When integrating renewable energy into the building envelope, solar thermal plays a significant role. So far, solar thermal products were generally based on metal components that conduct heat, absorb a high fraction of solar radiation and emit little infrared radiation to prevent thermal loss. Using this state of the art technology, building integration and architectural aspects are however often neglected. In the TABSOLAR II project, Fraunhofer ISE, together with partners, is following the new approach to produce solar-thermal collectors made from ultra-high performance concrete. Suitable procedures have already been tested. The project team is now working on the next steps for later product manufacture and connection concepts for building integration. The current developments will be presented at the BAU 2017 trade fair. In the TABSOLAR II project, Fraunhofer ISE together with five partners from the industry and research, is investigating the development of resource-efficient and cost-efficient products based on fluid-guiding components made of Ultra-High Performance Concrete (UHPC) that can be installed into the façade, making building envelopes suitable for the application of renewable energy. Special compositions were developed for UHPC for the new components. Using UHPC, very finely structured, material-saving yet at the same time extremely strong concrete components can be molded.
The channel structures of the UHPC collectors are developed with the bionic FracTherm® procedure, developed and patented by Fraunhofer ISE. Based on an algorithm this procedure creates multiple branch structures, like in leaves for example. Using this procedure, a channel network leading to a uniform flow distribution can be achieved for almost any form. This has already been successfully applied to other concepts and manufacturing processes, for example for solar absorbers or for cooling of tools.
“Having developed a manufacturing process for UHPC collectors at laboratory scale in a previous project, we are now pursuing the necessary steps with regard to later products”, explains Dr.-Ing. Michael Hermann, responsible project manager and coordinator of innovation processes in the area of heating and cooling technologies. “In TABSOLAR II we are focusing on utilizing UHPC collectors for façades.” Researchers at Fraunhofer ISE and their project partners are currently concentrating on two fundamental aspects.
Firstly, the aim is to scale the membrane vacuum deep-drawing process – developed by Fraunhofer ISE and tested – in a size suitable for practical use and to realize this with regard to production-like plants. In this process the outer contours of subsequent fluid channels are milled into a tool block. Holes are drilled into the block, which is then covered with a membrane. With the help of a vacuum, a half-shell of the UHPC component is then deep-drawn and assembled with a sheet of fresh UHPC prior to hardening. The manufacture of components using the membrane vacuum deep-drawing process has already been successfully implemented for formats of 340 mm x 460 mm. Now the intention is to implement formats suitable for practical use in the construction sector.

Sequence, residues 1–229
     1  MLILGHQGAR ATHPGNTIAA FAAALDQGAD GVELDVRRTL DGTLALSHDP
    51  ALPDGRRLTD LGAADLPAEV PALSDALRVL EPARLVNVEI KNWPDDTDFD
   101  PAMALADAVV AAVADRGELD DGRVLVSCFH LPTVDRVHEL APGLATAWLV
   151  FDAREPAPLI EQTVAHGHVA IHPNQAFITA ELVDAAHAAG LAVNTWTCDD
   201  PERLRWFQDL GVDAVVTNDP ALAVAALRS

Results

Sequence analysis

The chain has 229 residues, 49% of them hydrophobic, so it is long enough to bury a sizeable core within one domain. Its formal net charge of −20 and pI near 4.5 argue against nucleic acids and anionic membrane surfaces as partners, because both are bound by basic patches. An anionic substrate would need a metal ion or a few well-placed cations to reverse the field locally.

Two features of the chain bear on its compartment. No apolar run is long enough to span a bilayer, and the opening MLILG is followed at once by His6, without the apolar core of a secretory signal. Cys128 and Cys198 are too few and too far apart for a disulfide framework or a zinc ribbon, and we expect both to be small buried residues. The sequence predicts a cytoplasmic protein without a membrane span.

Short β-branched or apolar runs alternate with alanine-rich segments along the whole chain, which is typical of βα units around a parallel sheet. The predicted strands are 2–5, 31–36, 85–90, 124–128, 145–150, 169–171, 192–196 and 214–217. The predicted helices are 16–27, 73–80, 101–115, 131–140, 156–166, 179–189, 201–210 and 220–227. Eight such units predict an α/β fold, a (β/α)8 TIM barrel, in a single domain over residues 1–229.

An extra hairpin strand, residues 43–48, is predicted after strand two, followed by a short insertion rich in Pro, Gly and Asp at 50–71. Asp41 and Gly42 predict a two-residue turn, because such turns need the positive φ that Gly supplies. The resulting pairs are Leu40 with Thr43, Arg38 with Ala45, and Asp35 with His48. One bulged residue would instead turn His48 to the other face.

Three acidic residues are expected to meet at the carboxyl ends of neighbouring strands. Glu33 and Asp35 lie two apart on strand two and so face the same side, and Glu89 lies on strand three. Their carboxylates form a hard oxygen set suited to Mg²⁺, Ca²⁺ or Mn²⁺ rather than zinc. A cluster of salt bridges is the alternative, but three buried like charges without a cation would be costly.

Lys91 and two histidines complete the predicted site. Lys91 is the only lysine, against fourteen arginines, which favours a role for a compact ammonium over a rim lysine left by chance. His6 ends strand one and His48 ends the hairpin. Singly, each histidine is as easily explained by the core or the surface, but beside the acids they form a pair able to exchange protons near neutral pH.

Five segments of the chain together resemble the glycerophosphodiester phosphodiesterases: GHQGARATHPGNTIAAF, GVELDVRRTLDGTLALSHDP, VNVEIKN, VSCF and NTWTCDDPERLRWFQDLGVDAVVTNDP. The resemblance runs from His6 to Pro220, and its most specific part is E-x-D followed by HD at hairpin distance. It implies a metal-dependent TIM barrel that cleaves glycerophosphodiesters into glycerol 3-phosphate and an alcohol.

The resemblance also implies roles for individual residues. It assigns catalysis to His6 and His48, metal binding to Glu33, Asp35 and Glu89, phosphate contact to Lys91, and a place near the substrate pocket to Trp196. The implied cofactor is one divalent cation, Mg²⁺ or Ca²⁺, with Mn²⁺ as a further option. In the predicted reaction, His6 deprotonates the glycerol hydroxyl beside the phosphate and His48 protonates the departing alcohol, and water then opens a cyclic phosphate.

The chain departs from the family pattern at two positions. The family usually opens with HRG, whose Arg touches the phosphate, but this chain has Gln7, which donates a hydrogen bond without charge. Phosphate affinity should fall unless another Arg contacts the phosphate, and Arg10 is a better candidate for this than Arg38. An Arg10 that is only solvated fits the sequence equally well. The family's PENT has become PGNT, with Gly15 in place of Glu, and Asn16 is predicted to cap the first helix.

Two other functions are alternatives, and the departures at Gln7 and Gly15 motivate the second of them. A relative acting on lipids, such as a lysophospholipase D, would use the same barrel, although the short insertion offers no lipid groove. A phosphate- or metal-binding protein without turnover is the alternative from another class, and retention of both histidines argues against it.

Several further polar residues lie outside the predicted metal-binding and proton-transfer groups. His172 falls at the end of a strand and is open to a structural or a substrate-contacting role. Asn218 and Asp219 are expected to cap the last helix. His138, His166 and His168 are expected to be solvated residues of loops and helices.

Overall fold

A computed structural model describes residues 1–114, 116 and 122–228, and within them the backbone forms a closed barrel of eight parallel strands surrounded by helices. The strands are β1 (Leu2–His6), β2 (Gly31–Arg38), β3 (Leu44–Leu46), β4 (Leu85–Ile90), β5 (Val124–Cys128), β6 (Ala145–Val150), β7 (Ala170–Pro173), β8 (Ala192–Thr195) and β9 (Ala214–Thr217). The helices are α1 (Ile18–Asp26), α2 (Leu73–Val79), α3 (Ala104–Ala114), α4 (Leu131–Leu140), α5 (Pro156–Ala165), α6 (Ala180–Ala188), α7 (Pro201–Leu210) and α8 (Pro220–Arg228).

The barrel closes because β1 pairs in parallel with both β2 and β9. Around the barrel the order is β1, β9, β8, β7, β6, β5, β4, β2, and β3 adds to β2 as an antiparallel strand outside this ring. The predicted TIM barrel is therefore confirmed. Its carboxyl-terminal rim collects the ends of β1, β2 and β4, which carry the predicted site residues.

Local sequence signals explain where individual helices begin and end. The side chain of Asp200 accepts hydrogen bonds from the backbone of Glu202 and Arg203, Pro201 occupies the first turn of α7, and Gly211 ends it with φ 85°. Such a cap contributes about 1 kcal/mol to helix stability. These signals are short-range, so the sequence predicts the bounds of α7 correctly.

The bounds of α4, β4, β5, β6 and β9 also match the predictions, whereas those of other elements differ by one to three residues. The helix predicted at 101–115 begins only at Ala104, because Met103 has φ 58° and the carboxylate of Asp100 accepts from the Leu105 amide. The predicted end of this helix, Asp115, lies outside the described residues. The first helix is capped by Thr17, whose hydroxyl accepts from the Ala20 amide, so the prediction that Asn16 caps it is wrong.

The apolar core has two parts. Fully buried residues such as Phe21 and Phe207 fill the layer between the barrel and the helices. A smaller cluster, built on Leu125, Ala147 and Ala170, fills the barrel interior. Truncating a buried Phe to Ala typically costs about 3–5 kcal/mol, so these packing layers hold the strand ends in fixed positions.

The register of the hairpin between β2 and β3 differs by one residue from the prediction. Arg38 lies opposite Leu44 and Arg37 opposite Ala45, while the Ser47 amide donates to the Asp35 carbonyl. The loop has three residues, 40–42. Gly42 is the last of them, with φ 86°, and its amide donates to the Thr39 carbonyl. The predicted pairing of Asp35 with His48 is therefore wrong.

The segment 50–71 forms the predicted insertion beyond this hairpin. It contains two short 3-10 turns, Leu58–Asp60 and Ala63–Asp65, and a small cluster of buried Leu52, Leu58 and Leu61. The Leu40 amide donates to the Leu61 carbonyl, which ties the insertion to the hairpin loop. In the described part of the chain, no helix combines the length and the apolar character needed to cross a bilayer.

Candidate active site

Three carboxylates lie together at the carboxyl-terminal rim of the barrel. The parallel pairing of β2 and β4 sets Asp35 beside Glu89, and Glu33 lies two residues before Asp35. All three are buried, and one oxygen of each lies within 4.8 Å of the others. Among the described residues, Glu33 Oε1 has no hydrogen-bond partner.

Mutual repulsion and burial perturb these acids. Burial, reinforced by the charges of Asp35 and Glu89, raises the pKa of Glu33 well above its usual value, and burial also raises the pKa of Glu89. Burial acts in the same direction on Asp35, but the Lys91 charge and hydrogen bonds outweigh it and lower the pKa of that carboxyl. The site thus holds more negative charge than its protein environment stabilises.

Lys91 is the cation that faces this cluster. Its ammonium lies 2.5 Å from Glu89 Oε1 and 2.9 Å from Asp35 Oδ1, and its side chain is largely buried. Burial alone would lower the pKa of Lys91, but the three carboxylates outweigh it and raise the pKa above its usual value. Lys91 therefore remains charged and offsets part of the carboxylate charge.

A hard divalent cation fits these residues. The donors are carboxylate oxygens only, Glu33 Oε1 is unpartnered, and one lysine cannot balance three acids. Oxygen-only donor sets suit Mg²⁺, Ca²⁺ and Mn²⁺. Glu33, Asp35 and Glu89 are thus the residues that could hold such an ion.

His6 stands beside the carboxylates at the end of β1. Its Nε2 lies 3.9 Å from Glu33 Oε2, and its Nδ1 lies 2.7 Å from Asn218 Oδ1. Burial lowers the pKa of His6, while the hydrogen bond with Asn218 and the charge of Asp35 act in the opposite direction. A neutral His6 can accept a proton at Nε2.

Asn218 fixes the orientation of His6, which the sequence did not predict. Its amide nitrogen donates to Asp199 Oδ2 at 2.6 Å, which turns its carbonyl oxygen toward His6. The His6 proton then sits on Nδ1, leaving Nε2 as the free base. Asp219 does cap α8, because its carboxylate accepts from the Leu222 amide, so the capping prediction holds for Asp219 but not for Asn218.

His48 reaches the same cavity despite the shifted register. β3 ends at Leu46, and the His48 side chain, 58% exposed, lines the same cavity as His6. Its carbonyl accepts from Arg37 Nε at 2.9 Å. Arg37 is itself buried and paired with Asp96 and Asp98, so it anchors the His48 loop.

Secondly, the project team aims to provide different types of UHPC collectors depending on the requirements for the target markets. Featuring a spectrally selective coating and anti-reflective glass, the TABSOLAR Premium is intended to be comparable to existing solar collectors with regard to efficiency. TABSOLAR Economy comprises coated or dyed UHPC collectors with low-emissivity glass and somewhat lower yields. The TABSOLAR Design category focusses on well-designed panels. These collectors do not feature a glass cover and can be equipped with different surface structures and colors.
The first two categories are designed for direct solar applications, for example for domestic hot water preparation or for use in solar combisystems. The third category features a variety of architectural design options. Since it reaches significantly lower temperature levels and efficiencies, it is suitable, for example, as a low-temperature heat source for heat pumps. “System simulations, analysis of cost-effectiveness and life cycle assessments will be carried out for all three variations of collector”, explains Hermann. “Only this way the collectors can be optimized by us for later building façade-integration and purposefully further developed into a competitive product on the market.”
In order to illustrate the later products to experts, architects or installers, an exhibition building shall be created, with a façade comprising UHPC prefabricated elements. The exhibition building shall be equipped with simple measurement technology, enabling a visualization of the thermal behavior of the elements. »An exhibition building with real-life operation provides us with important information for the further development of the product categories”, Hermann explains. “Furthermore, it provides us with the opportunity to present our results on site and obtain the direct reactions of potential clients.” Moreover, the partners involved are already considering the future. They would also like to use the exhibition building to evaluate the first applications of UHPC components for interior use, for example, for thermally activated building systems (TABS), this way displaying the further potential of the developed technology.
The project TABSOLAR II – Solar absorbers and other thermally active components made of ultra-high performance concrete (UHPC) is coordinated by Fraunhofer ISE. Project partners involved include G.tecz Engineering UG, Betonfertigteile Spürgin GmbH & Co. KG, Facade-Lab und Priedemann Fassadenberatung GmbH, as well as Karlsruhe Institute for Technology (KIT). TABSOLAR II is funded by the German Federal Ministry of Economics and Technology (BMWi). Further information regarding the project and previous results can be found here: